Expressive arts and design

Expressive arts and design: Get busy!

Days with time spent more indoors than out can be a great opportunity to focus on creative projects that will excite children and give them a real sense of achievement.

Things to do on a rainy afternoon

A rainy day in doors doesn’t have to mean a day stuck in front of the TV or computer. There are lots of activities to keep children occupied – and still learning. Painting, baking, and other arts and crafts are just some of the great ways to boost their creativity. Here are some activities that are perfect for wet weather days.

Expressive art and design: Going in circles

Take inspiration from Kandinsky's abstract paintings to introduce children to a variety of exciting art mediums. Observe how they use different textures, colours and shapes to create their own artworks which have special meaning for them.

Expressive art and design: One from the heart

Karen Hart suggests some Mother's Day card making ideas that involve children making sponge paintings, hand prints and 3D decorations. These are cards which will be treasured for years to come!

Maths: Tying the knot

Furoshiki is an environmentally friendly, Japanese technique for wrapping gifts which will give children the opportunity to test their creative skills and learn about why conventional wrapping paper is bad for the planet.

Join the Big Schools' Birdwatch

The Big Schools’ Birdwatch runs from 6 January – 21 February. It’s an opportunity for children to contribute to the world’s largest wildlife survey, the Big Garden Birdwatch, by spotting and counting birds in the grounds of the setting.

Expressive art and design: Tokens of friendship

Both girls and boys will enjoy making friendship bracelets, using their imaginations to create their own unique designs and deciding which friends and family to gift them to. Observe how they persevere and are proud of what they have made.

Expressive art and design: Raise your voice

Children's musical experience begins very early in their life, from hearing their mother's singing in the womb to spontaneous singing as they play. This is the first in a series of articles providing practical inspiration to develop their musicality.

Parent: Drawing and painting

Drawing chalk pictures on the ground, painting fences with water and even leaving smudged fingerprints on the wall are all examples of children experimenting with mark making. Find out how you can encourage them to push their skills further.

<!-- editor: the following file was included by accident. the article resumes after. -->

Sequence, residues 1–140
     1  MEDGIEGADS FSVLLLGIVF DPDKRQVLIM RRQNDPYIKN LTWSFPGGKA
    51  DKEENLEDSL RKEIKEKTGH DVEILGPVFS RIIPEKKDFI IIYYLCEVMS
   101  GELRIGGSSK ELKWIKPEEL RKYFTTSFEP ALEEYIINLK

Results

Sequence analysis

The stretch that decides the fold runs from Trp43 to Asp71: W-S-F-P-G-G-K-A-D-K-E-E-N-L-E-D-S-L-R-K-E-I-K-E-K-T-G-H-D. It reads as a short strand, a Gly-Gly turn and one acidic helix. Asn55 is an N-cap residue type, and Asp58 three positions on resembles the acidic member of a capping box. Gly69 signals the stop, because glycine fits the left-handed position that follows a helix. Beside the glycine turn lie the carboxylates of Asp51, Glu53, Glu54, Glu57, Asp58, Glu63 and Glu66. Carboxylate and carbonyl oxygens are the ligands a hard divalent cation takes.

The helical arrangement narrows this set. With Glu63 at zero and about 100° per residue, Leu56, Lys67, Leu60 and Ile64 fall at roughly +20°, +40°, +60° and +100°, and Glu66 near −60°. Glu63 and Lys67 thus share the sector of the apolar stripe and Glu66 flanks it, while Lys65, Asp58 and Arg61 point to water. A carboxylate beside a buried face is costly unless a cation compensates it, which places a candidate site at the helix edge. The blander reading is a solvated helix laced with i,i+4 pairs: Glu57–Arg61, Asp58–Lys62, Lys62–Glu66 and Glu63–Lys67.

Expressive Art and Design: ‘A spider on my knee!’

Autumn brings plenty of inspiration for artworks – from the appearance of many spiders to the vibrant patterns that feature in Diwali celebrations. Karen Hart explores how you can mark these seasonal changes and festivities in your setting.

EAD: Seed of an idea

Take a closer look at natural plant forms and use these shapes and properties to create pictures and sculptures. As children experiment with art techniques they will also be learning about the natural world.

EAD: The line of beauty

Natural objects provide a variety of fascinating shapes, which can be the starting point for creating artworks. Describing shapes and experimenting with new vocabulary become a part of the process.

Buttercups and daisies

Wild flowers such as daisies, buttercups and dandelions may be considered weeds but they have a special place in childhood and provide a great resource for Expressive Arts and Design projects.

On a fairy tale adventure

Embark on an exciting learning journey inspired by The Three Billy Goats Gruff. Encourage children to enact the story's physical challenges and create their own follow-on narrative and characters.

Catch a star in your net

Nets are a cheap, readily available, versatile resource. Use them to make dens, catch carboard stars and all sorts of other objects. Talk about how they keep us safe and have fun crawling beneath them.

Glorious mud!

Winter is nearly over and if you’ve recently done an audit of your outdoor space, you might now be thinking about giving your mud kitchen a revamp, and introducing some new resources. If you haven’t yet set up a mud kitchen, now is definitely the time to start planning one.

Expressive arts and design: The perfect mix

Used together, sand and water play provide children with many exciting opportunities for creativity. Children engage all their senses as they explore textures, changing colours and shifting patterns.

Slime, glorious slime

It's easy to understand why slime has become such a popular resource with children in the last couple of years. Squishy, stretchy, jiggly or like putty, it's fascinating to manipulate, deeply mysterious and curiously addictive!

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